Computers use the binary number system as the digits can represent the two possible states of a digital circuit. Boolean operations can be performed on binary values using circuits called logic gates. Computers use circuits made up of multiple logic gates to perform arithmetic and logical operations such as addition.
Logic gates have been implemented in multiple ways over the decades, modern computers use transistors within integrated circuits. Some early computers used relays, which are electromechanical switches. The diagram shows how a simple relay works. When power is applied to the input pin, an electromagnet moves the switch to the upper output pin, allowing current to flow. If no power is applied to the input pin, the switch remains in contact with the bottom pin.
This activity involves the creation of a working model of a NOT gate, which inverts the input. If a 0 is inputted, a 1 is outputted. The circuits for relay based logic gates are very simple as no resistors are required.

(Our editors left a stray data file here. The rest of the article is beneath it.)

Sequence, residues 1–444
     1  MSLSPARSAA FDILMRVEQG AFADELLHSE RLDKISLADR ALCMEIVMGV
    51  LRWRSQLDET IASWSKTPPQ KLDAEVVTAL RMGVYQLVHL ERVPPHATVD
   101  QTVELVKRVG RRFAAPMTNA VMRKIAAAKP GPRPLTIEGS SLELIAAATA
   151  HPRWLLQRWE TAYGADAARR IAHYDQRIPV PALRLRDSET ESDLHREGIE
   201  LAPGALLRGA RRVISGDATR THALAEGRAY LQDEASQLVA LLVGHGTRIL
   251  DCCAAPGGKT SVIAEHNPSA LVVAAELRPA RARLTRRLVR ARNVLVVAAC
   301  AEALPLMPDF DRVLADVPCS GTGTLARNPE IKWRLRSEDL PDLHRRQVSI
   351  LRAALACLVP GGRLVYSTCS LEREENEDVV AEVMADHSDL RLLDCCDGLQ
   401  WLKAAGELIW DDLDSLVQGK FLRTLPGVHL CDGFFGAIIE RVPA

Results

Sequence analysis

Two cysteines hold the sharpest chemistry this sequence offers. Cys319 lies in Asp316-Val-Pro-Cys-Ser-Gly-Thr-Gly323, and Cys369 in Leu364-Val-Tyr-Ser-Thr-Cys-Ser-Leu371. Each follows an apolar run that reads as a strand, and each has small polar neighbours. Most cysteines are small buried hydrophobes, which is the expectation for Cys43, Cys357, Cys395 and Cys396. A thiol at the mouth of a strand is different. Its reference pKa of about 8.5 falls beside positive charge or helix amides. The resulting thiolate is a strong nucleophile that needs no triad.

This handout provides an overview of how to build the NOT gate, plus circuit diagrams for the AND and OR gates.
The same principle can be applied to more complex circuits that A-Level Computer Science students need to know about such as the Half and Full Adders. The image shows two Half Adders joined together to form a Full Adder with an additional Half Adder.